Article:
The most expensive thing about launching a new product is getting people to try it out, especially when there’s zero-risk to them. Getting someone to try out your new product or service without paying for it is one of the hardest things to do. And even then, it can be difficult to convince them to give your product a try when there are so many competitors in the market.
Luckily, there’s a solution. And it’s something that you can use to get your product tried, tested, and proven to your audience: The free trial.
What is a free trial? Well, it’s when you offer a new product or service and you give it to people to try out for free. The free trial is basically your chance to prove to potential customers (and, in turn, earn their trust) that what you’re offering is valuable, worth their time, and, above all, effective.
Now, you should understand that a free trial doesn’t mean that your product/service is actually free. In most cases, you’ll have to pay for some kind of subscription or use of the product/service in the trial phase. But, as a trial advocate, you should see this as a good thing. Because most people don’t like spending money on anything unless they have to. And even then, they prefer to find cheaper alternatives. So, in most cases, they’ll prefer to not have to spend money on a product/service that they don’t enjoy or value.
Why Should You Include a Free Trial in Your Marketing Plan?
Including a free trial in your marketing plan is a great way to gain trust with potential customers and prove to them that what you’re offering is, in fact, valuable.
The best part is that you don’t have to spend a lot of money on marketing. Since you’re essentially giving away the product/service for free during the trial phase, you shouldn’t have to spend more than you would on a single marketing campaign for a traditional product.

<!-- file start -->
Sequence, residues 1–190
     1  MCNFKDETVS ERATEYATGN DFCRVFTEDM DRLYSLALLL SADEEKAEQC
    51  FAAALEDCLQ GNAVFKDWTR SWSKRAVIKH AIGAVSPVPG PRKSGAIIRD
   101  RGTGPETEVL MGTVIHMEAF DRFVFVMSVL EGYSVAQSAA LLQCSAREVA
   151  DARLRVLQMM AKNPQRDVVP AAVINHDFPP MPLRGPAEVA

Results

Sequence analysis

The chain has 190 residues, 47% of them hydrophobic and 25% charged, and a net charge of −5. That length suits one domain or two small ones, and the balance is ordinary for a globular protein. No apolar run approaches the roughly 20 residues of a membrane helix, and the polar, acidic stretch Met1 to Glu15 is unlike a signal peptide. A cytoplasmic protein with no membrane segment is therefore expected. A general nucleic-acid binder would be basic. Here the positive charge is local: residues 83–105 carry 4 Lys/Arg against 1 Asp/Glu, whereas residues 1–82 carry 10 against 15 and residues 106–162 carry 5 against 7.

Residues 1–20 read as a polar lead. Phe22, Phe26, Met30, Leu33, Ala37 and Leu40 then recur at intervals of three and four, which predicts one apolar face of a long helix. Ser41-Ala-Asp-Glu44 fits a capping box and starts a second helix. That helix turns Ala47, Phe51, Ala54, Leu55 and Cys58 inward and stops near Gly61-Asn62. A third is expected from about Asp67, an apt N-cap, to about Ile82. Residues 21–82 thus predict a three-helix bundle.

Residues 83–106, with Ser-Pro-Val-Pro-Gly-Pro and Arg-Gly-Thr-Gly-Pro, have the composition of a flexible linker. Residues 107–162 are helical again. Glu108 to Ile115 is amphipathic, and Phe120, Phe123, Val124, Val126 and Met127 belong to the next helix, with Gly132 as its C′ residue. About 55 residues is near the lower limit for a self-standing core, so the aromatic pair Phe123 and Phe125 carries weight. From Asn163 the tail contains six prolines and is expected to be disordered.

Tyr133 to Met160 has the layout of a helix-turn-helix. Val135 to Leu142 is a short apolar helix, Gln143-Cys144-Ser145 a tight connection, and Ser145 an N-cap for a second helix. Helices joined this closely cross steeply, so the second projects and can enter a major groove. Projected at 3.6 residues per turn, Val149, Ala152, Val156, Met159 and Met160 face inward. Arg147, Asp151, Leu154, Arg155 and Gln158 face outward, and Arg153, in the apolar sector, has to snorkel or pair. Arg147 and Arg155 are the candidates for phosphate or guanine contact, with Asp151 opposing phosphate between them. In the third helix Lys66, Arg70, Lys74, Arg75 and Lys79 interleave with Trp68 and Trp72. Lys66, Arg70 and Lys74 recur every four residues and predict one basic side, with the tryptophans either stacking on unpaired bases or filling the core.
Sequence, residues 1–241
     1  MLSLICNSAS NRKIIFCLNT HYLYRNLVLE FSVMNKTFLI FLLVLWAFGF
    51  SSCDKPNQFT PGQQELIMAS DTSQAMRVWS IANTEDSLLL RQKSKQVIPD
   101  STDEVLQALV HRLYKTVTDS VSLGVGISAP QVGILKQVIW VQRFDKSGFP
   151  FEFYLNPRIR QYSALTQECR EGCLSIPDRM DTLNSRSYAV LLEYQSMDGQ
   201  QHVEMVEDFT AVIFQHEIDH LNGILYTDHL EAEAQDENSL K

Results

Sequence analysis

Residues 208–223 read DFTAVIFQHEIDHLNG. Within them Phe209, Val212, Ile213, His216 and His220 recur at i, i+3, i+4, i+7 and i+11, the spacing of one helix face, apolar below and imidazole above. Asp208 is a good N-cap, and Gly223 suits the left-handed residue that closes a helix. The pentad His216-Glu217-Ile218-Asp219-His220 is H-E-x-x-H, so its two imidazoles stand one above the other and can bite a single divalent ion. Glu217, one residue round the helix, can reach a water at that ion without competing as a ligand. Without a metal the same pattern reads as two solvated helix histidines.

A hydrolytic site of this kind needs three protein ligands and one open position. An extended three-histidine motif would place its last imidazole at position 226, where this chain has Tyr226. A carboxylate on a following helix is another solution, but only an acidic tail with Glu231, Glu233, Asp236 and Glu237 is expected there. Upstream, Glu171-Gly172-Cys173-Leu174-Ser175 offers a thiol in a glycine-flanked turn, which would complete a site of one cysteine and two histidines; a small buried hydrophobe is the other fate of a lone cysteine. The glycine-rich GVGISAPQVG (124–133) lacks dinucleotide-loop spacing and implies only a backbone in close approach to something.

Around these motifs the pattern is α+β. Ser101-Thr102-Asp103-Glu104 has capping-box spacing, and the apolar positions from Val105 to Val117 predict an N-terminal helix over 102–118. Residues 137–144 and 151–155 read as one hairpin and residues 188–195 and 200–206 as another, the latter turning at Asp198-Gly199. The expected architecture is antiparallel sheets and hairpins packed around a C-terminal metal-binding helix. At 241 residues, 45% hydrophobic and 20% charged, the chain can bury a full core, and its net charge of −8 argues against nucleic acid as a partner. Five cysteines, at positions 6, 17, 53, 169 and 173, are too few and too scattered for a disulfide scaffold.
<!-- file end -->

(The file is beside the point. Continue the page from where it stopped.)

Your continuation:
As a rule of thumb, you should include a free trial in your marketing plan whenever you’re offering a product or service that you believe is valuable to your audience — and that they can try out for free.
How Do You Determine What To Give Away For Free During The Trial?
Giving away free samples of your product/service and determining what to give away for free during the trial are two different things, however, you should approach them similarly.
The first step in the determination process is to consider the value that the free trial gives you, your company, and your product. Value can be in many forms, such as credibility, exposure, or monetizable leads — just to name a few.
What you choose to give away for free during the trial depends on your specific goals for the campaign and the value that you hope to gain from the trial.
The Credibility Advantage
Credibility is the biggest advantage of offering a free trial. When a potential customer is presented with a reputable source for information, they’re more likely to trust what that source has to say. And, in turn, that could mean purchasing whatever product you’re promoting, service you’re offering, or otherwise taking action because they believe in you.
Giving something away for free during the trial simply builds credibility with your audience. Whether you’re trying to convince people to buy your product or service or, alternatively, try out your offered product/service, giving something away for free during the trial is a good first step.
The Exposure Advantage
Giving something away for free during the trial is another great way to expose your product or service to potential customers. When you offer a free sample of your product/service, you’re essentially giving them free advertising.
Since everyone likes free advertising, you’re essentially getting free advertisement for your product/service. And, since people are already aware of your product/service, they’re more likely to remember your offer and visit your site, read your blog post, or watch your YouTube video simply because you gave them free advertisement.